Mallet Finger

Mallet Finger (Baseball Finger)

Patient Education

Fig. 1 – Mallet finger injury with drooping of tip.


Mallet finger is an injury to the thin tendon that straightens the end joint of a finger or thumb. This injury is also known as “baseball finger.” In which, an injury happens when an unyielding object (like a ball) strikes the tip of a finger and forces it to bend beyond its range, causing the tendon to tear. Consequently, the fingertip cannot straighten on its own. 

Fig. 2 – Mallet finger injury illustrated with a ruptured extensor tendon.


Tendons are tissues that connect muscles to bone. The extensor tendons on the top of the hand straighten the fingers; while the flexor tendons on the palm side of the hand bend the fingers. In a mallet injury, the force of an object strikes the tip of the finger or thumb tearing the extensor tendon. However, a minor force such as tucking a bed sheet can occasionally cause a mallet finger injury.

Mallet injury may rupture the tendon or pull the tendon away from the distal phalanx, the bone where tendon is attached. In some cases, a small piece of bone is pulled along with the tendon. This is known as an avulsion injury. Often, the middle, ring and small fingers are more likely to be injured. 

Fig. 3 – Illustration of (above) extensor tendon rupture and (bottom) avulsion injury.


Patient will usually notice the finger to be painful, swollen, and bruised. The fingertip will droop noticeably and can only be straighten by pushing it up with the other hand.

Risk for Infection: It is very important to seek immediate attention if there is blood beneath the nail or if the nail is detached. This may be a sign of a cut in the nail bed, or that the finger bone is broken with open fracture, and the wound penetrates down to the bone. These types of injuries put you at risk for infection.

First Aid: To relieve pain and reduce swelling, apply ice to your finger immediately and keep your hand elevated above your heart.

Doctor Examination

A mallet finger injury requires medical treatment to ensure the finger regains as much function as possible. Most doctors recommend seeking treatment within a week of injury. However, some patients were able to achieve full healing even when treatment was delayed for as long as a month after the injury. 

Physical Examination

After discussing your medical history and symptoms, your hand specialist will examine your finger or thumb and perform a mallet finger test. During this examination, your doctor will hold the affected finger and ask you to straighten it on your own. 

Fig. 4 – X-ray shows that a piece of the distal phalanx bone broke away with the tendon. 


Your doctor will most likely order x-rays of the injured finger. If a fragment of the distal phalanx was pulled away when the tendon ruptured, or if there is a larger fracture of the bone, it will appear in an x-ray.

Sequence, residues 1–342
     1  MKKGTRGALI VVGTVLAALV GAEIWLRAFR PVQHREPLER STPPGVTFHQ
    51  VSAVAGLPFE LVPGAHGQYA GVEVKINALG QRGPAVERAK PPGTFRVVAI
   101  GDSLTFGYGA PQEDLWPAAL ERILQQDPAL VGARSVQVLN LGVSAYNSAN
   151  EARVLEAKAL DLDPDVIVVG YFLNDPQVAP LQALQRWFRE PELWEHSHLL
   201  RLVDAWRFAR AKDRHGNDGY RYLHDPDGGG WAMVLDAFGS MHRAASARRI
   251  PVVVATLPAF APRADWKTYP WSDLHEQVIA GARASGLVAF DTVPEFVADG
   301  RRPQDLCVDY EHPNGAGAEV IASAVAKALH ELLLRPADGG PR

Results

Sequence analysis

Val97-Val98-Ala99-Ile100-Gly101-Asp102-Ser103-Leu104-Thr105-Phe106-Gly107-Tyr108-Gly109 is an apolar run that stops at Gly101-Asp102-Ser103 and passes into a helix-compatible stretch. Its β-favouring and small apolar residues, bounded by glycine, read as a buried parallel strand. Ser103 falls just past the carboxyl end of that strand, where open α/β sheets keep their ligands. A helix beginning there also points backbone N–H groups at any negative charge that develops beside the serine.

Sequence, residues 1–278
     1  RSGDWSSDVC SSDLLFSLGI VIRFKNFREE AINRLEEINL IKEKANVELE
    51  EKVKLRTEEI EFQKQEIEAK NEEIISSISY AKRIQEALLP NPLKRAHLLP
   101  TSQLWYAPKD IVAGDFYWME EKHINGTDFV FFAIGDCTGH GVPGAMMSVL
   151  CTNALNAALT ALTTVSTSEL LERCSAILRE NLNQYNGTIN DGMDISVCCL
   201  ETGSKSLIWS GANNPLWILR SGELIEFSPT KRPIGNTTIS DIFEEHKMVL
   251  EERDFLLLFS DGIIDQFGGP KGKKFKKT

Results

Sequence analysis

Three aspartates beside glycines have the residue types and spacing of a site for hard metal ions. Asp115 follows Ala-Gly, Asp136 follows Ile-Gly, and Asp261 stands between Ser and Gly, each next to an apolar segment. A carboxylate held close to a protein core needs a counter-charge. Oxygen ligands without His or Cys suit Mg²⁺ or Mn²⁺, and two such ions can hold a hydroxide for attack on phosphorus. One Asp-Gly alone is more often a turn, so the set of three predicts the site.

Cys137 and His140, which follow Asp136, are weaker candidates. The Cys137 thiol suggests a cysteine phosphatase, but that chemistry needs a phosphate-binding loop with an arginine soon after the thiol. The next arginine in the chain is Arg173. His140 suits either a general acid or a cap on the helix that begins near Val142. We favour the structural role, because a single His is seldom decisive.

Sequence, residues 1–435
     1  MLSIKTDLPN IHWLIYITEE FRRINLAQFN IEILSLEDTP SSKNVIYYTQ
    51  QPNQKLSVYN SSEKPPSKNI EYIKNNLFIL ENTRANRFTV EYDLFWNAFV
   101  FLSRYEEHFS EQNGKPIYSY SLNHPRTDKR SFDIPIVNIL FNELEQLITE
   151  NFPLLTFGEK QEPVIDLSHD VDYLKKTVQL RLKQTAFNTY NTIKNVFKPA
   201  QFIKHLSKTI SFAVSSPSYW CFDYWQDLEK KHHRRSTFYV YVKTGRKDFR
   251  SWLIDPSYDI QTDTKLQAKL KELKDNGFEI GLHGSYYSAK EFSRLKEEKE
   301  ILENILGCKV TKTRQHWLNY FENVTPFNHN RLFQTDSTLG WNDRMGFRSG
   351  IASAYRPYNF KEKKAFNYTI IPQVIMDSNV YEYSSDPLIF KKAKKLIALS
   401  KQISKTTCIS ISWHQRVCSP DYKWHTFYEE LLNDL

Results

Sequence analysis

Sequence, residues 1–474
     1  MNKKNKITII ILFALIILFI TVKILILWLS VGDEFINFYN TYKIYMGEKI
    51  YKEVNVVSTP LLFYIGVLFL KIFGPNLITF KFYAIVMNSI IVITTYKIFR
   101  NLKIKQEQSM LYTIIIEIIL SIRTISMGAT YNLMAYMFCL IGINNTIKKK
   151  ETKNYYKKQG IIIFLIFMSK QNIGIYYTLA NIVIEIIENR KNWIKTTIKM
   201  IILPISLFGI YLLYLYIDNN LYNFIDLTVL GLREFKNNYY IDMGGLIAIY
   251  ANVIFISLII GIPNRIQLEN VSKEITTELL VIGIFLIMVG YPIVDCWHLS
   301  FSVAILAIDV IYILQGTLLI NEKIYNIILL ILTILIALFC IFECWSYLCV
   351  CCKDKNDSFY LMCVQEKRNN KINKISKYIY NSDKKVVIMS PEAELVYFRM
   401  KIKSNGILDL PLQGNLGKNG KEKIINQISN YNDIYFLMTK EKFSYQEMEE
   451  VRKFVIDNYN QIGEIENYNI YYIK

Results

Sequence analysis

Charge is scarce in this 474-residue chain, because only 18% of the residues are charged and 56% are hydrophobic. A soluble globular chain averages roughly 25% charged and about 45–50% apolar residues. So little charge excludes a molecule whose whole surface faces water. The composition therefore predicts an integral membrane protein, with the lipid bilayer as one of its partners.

Untreated mallet finger injuries will typically result in stiffness and deformity of the injured fingertip. The majority of mallet finger injuries can be treated without surgery. Moreover, mallet finger injury in children must be carefully evaluated and treated by a hand specialist to prevent stunting or deformity.

Nonsurgical Treatment

Most mallet finger injuries are treated with splinting. Your hand specialist will apply a splint to hold the fingertip straight (in extension) until it heals.

Fig. 5 – Splints used to treat mallet finger.

To restore function, the splint must be worn full time for 6 weeks. This includes while bathing and sleeping. After bathing, the splint must be changed carefully to keep the injured finger straight, as healing would be disrupted if the fingertip ever droops. In that case, you will need to wear the splint for a longer period of time.  

If the tendon heals well after 3 to 4 weeks since the first splint application, your doctor may instruct you to gradually wear the splint less frequently, such as only wearing at night. The goal of splinting treatment is to result in both acceptable function and appearance. However, some patients may not regain full fingertip extension. In some cases when patients have extreme difficulty keeping the splint on, the doctor may decide to insert a temporary pin across the fingertip joint to hold it in extension for 6 weeks. 

Fig. 6 – X-ray shows a pin placed across the fingertip joint to keep the tip straight.

Surgical Treatment

When there is a large fracture fragment or the joint is out of line (subluxed), your doctor may consider surgery to repair the fracture and/or the tendon. In these cases, pins are placed to hold the pieces of bone together while the injury heals. On the other hand, the damaged tendon is usually treated with tendon graft or even fusing the joint straight. 

A hand surgeon should be consulted in making the decision to treat this condition surgically. 


American Society of Surgery of the Hand. (2013). Mallet finger. Retrieved from https://www.assh.org/handcare/condition/mallet-finger#:~:text=A%20mallet%20finger%20is%20a,see%20Figure%201a%20and%201b).

OrthoInfo. (2020). Diseases & conditions: Mallet finger (Baseball finger). Retrieved from https://orthoinfo.aaos.org/en/diseases–conditions/mallet-finger-baseball-finger/